I treated myself today. After finding out that I may be eligible for a partial refund on my delayed flight into Buenos Aires, I decided to spend that money (and then some) straight away before finding out that I won’t be getting it.
So I booked myself the Big Ice trip, an entire day of glacier walking. I’d done this once before and loved it, so here was my chance to do it again. I even put on the same trousers as last time. There’s no need to ruin a second pair of pants with the crampons after all. We set of at 7am in El Calafate but it would be past noon before we actually reached the ice. We stopped at the Perito Moreno view point (that’s how I know how much broke off. Then took a boat over the lake and hiked up the mountain next to the glacier for about 50min. During all this time it was raining. Along the way you run into a nice little waterfall.
We’d already been told that we don’t need to bring much water because you can “get it everywhere”. The waterfall was one such option. I refrained from tasting it as I had a full bottle, but did try the water on the glacier later on and it was absolutely delicious. Although I have to admit that the bottle I brought back home didn’t taste half as good the next morning.
Around half pas twelve we finally set foot onto the ice and my camera went crazy. I’m pretty sure it must be a firmware issue. There’s no way I took 400 pictures that day. Come on.
The glacier experience was quite different from the one we had in Iceland. I was looking forward to the little dirt cones we’d seen there, but none of those existed. Instead real rivers ran on and in the ice. The ice we walked on was like crushed ice. Loose and in small chunks, which is apparently due to the summer heat and not the fact that it was still raining.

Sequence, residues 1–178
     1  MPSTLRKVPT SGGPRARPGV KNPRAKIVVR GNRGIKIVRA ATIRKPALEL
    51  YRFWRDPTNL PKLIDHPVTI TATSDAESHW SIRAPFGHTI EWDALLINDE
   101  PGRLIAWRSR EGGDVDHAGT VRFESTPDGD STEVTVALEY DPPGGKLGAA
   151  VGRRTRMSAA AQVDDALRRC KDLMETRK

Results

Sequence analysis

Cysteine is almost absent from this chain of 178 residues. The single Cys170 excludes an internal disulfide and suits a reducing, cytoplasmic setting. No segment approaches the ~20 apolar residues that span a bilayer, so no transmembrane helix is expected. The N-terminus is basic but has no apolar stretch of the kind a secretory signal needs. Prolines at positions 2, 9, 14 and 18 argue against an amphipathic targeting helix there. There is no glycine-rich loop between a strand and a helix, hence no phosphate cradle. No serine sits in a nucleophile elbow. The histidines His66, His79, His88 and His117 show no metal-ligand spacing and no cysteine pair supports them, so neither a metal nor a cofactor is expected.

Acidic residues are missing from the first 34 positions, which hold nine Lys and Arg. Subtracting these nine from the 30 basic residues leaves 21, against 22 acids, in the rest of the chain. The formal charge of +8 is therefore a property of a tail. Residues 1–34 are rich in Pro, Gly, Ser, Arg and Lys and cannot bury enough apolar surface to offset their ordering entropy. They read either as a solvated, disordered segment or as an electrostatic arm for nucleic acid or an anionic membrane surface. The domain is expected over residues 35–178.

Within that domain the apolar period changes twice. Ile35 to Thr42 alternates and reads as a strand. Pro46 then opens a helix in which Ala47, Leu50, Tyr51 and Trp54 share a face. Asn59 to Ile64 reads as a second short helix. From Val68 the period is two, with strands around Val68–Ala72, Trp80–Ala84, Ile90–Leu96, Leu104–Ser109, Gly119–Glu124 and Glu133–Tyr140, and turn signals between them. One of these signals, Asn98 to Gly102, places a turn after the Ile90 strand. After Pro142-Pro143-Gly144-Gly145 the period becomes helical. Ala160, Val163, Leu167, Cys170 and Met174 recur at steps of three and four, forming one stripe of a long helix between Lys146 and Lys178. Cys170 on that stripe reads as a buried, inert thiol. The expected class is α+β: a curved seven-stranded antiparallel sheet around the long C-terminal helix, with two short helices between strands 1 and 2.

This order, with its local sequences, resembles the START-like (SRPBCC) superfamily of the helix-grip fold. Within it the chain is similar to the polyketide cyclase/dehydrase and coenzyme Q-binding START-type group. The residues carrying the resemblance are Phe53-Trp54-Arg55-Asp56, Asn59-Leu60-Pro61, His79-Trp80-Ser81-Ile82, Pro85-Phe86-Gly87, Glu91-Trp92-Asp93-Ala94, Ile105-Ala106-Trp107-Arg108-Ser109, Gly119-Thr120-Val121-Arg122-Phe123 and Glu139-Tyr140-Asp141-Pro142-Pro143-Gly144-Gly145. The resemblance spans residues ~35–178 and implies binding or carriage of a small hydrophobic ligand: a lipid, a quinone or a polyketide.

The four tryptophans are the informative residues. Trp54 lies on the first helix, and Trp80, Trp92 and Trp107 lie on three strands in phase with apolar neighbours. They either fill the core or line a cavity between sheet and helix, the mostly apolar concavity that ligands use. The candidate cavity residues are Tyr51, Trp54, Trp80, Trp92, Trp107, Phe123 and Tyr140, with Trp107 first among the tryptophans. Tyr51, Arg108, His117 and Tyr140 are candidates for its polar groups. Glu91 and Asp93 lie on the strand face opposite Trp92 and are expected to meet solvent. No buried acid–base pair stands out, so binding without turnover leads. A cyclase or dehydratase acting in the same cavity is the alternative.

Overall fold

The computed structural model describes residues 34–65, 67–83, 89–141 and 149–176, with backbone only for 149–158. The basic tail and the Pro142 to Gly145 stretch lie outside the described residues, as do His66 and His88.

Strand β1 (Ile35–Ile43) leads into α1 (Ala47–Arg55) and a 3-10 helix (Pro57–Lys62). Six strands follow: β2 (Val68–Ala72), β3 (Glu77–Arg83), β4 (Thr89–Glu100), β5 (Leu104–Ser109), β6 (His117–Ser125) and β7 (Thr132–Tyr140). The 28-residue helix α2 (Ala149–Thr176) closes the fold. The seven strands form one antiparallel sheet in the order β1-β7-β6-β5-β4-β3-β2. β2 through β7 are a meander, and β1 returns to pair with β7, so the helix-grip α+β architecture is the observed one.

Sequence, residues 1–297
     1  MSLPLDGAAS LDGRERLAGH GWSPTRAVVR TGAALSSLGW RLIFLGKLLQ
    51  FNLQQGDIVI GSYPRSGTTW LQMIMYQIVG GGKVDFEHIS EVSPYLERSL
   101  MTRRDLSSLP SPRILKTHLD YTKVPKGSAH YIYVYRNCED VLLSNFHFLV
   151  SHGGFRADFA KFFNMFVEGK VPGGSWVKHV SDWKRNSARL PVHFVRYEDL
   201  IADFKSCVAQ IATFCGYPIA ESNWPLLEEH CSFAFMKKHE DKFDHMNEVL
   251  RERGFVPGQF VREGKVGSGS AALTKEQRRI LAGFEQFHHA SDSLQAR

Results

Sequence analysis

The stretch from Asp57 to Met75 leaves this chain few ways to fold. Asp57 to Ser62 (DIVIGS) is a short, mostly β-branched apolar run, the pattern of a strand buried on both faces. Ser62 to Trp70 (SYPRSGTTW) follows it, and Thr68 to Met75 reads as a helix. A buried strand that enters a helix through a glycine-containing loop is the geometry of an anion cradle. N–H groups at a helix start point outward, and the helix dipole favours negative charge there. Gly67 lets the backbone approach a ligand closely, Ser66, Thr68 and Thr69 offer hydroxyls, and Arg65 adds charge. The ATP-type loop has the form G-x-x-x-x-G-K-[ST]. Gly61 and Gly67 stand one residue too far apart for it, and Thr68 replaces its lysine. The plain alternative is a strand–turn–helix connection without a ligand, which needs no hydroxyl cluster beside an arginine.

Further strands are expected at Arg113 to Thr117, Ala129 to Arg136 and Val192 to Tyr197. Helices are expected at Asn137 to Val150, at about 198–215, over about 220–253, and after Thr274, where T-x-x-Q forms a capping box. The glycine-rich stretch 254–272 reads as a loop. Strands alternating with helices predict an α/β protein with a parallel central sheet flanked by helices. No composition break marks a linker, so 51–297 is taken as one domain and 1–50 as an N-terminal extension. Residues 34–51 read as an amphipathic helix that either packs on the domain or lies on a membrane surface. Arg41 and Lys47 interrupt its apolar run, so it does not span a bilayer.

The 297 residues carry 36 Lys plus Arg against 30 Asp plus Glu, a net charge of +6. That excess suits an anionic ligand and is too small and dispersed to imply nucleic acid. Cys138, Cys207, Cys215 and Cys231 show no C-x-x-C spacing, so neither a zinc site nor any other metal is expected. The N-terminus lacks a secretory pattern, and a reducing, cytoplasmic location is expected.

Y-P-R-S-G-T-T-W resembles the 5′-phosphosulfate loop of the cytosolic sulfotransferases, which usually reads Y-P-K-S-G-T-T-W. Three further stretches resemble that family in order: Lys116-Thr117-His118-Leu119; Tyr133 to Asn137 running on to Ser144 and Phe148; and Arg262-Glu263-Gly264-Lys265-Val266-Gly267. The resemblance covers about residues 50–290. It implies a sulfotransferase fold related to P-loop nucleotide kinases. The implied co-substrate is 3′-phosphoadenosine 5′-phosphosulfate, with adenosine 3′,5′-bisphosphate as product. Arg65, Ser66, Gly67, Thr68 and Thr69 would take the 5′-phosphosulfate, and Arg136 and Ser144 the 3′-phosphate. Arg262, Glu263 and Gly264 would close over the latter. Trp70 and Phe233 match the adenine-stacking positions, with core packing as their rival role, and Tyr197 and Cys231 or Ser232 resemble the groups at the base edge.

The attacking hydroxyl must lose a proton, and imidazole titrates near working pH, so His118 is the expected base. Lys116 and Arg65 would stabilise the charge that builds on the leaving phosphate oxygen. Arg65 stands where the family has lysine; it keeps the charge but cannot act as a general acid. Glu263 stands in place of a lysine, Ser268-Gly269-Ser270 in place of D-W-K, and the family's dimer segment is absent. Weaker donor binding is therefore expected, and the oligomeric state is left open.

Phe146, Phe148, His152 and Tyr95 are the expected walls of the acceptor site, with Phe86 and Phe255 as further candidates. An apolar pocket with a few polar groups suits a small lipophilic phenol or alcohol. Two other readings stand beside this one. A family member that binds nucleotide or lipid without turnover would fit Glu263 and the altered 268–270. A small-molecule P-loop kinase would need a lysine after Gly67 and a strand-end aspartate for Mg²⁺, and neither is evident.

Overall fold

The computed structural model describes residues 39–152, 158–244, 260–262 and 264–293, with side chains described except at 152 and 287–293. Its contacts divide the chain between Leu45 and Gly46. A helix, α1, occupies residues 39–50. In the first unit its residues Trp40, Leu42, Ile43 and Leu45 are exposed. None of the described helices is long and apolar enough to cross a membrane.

The guides led us on a rather random path. We started out down a rather steep slope. I was a bit worried if that’s the start how the rest is going to be, but in retrospect they probably just wanted to test us out. The rest was much easier. In general the guides will tell you that the hardest part is the hike up to the entry point onto the ice. It’s not entirely true, the hike on the ice is challenging, but indeed no more so than the hike up. If you managed that you’ll also manage the rest.
Each group used their own path to make its way to the ‘top sights’, there is no beaten path and the guides are seemingly free to walk you wherever they please. Nothing seemed to be caved or predefined.. Although with the rain I would imagine not much would’ve remained if they had had carved a way into the ice.
But they will all show you everything: big blue holes, small caves, the river. There’s no need to choose ‘the right group’.
Meanwhile, two hours into the glacier hie it was still raining and the wind had picked up. Our guide decided that it was time for lunch, despite the weather and we huddled in a corner and ate our lunch as quickly as possible. This was the breaking point for a part of our group unfortunately. One of them had torn a muscle earlier on and the weather made them stop wanting to try. They turned around. That’s also possible, although not encouraged. One of our guides went back down with them while we continued on to the arc. The main camera malfunction must’ve happened there.
I have about 60 pictures from the arc alone. Next to the arc is a tunnel that just begs to be investigated and you could climb in as far as you like.. provided you know how to get back out afterwards. While I was in the tunnel it stopped raining, only I didn’t notice because I had melting ice dripping down on me constantly. But on our way back down, the sun even came out and revealed the entire glacier to us. Amazing scenery. The color of the ice and the glacier front don’t change much, sunshine or rain.. But being able to see the mountains in the background sure adds a lot!
Once we finally returned onto solid ground, we proudly asked how far we’d gone onto the ice and our guides told us that in total we’d walked about 1.5km.. It sure did feel much farther than that!